There are myriad ways for advisors to keep their clients’ taxes low, but if your clients are professionals, you might want to think about having them incorporate.
“The premise behind [tax planning] is there’s a very high cost of taxation that reduces investment returns,” says John Stacey, director of taxation at NexGen Financial. Stacey spoke on the topic at the Knowledge Bureau’s Distinguished Financial Advisor conference. “Maybe as much as 28% of the return or more can be taken away through taxation, so the objective is to try to become more tax efficient.”
Incorporations allow people to pay less tax and use different strategies to keep tax payments down.
Stacey points out that in Ontario the top personal tax rate is about 48%, but business income in a private Canadian company is taxed at around 18% up to the first $400,000, and 36% above that figure. “You see, there’s a very significant benefit that the policy has provided to small- or medium-sized business owners,” he says.
The idea is that clients will reinvest their savings into the business. With that in mind, Stacey says, about 26% is “essentially a tax-deferred amount.”
This tax savings can also be put into an incorporated investment portfolio, as long as it’s within the company. “In this way, significant amounts of tax-deferred income can be used as a means of wealth accumulation.”
It’s important to keep any money that’s generated from investments, or saved through a tax deferral, within the company because as soon as it’s taken out, the individual will be taxed the top personal tax rate. Therefore, Stacey suggests that advisors counsel clients to keep their cash in the corporation for as long as possible. “Leave the money within the company so you can continue to keep that tax-deferred advantage,” he says.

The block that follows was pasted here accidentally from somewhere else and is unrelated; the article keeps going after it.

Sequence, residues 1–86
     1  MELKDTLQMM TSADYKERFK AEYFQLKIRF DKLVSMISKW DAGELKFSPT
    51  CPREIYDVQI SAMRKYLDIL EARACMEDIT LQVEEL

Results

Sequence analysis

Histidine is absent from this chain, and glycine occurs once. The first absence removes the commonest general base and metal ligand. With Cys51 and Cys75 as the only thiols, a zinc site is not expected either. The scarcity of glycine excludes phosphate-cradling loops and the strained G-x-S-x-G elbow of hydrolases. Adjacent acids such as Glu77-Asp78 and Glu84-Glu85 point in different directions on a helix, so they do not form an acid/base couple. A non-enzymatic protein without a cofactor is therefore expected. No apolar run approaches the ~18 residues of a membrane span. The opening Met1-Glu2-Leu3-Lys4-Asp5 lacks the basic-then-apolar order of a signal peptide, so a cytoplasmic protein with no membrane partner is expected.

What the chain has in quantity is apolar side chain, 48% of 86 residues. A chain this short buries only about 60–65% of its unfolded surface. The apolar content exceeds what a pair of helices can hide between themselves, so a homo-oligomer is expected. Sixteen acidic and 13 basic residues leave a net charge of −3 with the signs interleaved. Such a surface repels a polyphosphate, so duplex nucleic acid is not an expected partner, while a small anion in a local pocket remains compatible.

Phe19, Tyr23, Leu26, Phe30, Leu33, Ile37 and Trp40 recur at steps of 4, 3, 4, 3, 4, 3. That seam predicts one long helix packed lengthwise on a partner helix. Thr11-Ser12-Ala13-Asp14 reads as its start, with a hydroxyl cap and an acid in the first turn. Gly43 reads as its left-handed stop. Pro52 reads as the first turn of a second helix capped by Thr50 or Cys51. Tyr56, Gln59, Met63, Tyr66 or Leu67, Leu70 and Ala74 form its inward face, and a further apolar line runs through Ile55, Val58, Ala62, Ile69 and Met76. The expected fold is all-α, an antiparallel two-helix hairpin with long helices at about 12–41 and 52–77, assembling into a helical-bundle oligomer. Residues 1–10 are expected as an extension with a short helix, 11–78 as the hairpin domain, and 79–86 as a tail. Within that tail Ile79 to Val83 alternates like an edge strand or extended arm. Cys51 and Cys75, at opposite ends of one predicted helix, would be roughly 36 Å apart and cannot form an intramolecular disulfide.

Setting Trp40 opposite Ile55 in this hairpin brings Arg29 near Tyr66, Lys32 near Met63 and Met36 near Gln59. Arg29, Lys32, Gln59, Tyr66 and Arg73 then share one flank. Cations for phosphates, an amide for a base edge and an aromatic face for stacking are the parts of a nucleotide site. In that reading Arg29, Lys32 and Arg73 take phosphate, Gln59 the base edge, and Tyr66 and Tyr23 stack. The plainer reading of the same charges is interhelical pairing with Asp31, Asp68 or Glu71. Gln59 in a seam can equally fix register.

One issue surrounding investment portfolios—whether incorporated or not—is that returns are always taxed at the highest personal rate. To prevent the returns from taking a tax hit, Stacey says to defer taxation onto the investment return. “You need something that provides compounded growth without any distributions,” he says. “You keep it invested and essentially defer the taxation on that return for as long as you want.”
Another tax strategy is to distribute income from the company to the client’s family. Stacey says incorporated clients might be able to give their family cash at a lower rate of tax or even no tax. Family members own shares in a trust, and the client can move “significant” amounts of dividends to them, especially if their other sources of income are limited.
“It makes sense to structure businesses properly early so you can reduce capital gains by splitting gain among family members,” adds Larry Frostiak, a tax partner at Frostiak and Leslie Chartered Accountants.
Frostiak says transferring incorporated businesses correctly can save clients a lot of tax dollars. First of all, clients can utilize the $750,000 lifetime capital gains exemption in order to mitigate any gains that might be incurred during the transfer of wealth.
Clients should also understand the difference between selling assets and selling shares. “When you sell assets, very often there are two levels of tax,” he explains. “The company has to pay tax on the sale of assets and then, to get money out of the company, the shareholders have to pay tax.”
If you sell shares, he says, there’s usually only one level of tax—on the shares. Add the capital gains exemption, and, Frostiak says, there’s a “huge benefit” to selling shares rather than assets.
In the end, there are myriad tax strategies that advisors can use to help alleviate their clients’ tax pressures and help build real wealth. Stacey says advisors should acknowledge that investment returns erode once taxation and inflation are taken into account. “When you look at interest-bearing investments, you’re probably close to zero return after tax and inflation,” he says. “Becoming more tax efficient in this area will be of significant value to most investors.”